Zweig on Investing Vs. Speculating

Every asset, writes Jason Zweig of The Wall Street Journal, “is an investment in some people’s hands and a speculation in others’. So it isn’t what you buy, but rather why you buy it, that determines whether you are investing or speculating.”

Zweig explains that this distinction, which is often credited to legendary investor Benjamin Graham, may be flawed in that an investment can in fact be speculative in nature or actually resemble a hybrid under certain circumstances. He offers an example involving Amazon, which has shot up from $1.50 per share in 1997 (adjusted for stock splits) to past $765 per share with “staggering swings up and down along the way”—and he poses the question as to whether or not this could be viewed as speculative.: “You bought Amazon because you reasoned it would transform the world of retailing, and you hold it—even though the stock trades at more than 175 times its earnings—because you think the company isn’t done with that transformation yet. Your original speculation has grown to resemble an investment. ”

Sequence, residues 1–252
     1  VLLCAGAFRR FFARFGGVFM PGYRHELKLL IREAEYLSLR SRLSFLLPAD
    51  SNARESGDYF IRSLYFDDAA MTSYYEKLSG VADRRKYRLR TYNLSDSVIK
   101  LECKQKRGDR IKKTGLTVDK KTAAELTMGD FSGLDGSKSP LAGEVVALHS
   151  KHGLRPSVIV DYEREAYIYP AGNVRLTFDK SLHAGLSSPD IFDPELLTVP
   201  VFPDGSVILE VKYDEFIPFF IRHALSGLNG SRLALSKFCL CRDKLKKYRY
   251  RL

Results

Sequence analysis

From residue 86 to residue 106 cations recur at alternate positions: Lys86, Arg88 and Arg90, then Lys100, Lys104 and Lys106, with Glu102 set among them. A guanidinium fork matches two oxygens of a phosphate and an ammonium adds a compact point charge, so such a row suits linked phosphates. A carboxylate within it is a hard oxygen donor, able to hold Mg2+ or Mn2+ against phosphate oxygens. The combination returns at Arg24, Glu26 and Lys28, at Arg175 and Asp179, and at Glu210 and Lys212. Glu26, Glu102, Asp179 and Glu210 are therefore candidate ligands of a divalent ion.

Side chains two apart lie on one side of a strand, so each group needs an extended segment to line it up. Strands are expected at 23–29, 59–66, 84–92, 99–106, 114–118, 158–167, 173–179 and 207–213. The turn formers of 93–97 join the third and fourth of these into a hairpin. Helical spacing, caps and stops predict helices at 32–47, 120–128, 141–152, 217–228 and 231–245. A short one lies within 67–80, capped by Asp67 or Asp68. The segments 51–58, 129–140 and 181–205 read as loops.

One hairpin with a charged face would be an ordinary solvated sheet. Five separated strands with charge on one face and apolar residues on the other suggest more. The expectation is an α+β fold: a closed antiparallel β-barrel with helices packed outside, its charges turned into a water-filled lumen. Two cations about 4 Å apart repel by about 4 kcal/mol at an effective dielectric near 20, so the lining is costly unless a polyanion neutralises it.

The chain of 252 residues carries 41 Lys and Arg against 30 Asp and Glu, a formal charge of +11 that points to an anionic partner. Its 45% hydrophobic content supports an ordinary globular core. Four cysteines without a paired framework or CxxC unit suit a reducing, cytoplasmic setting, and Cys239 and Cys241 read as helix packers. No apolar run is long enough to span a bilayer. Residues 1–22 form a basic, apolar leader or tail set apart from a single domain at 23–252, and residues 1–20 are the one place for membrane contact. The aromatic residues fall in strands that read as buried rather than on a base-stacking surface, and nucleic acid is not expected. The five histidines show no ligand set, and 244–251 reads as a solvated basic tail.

Graham, writes Zweig, advised investors to set aside a portion of funds to essentially separate speculations from investments—like having a “mad money” account of sorts. Rob Arnott, chairman of California-based Research Affiliates, comments, “There’s an element of the speculator in everybody.”

What does Zweig think: “If you buy because you’re afraid of being left behind should stocks keep booming, you’re speculating. If the market’s rise makes you worry instead and look to rebalance your portfolio by selling some of what’s gone up and buying some of what’s gone down, you’re investing.”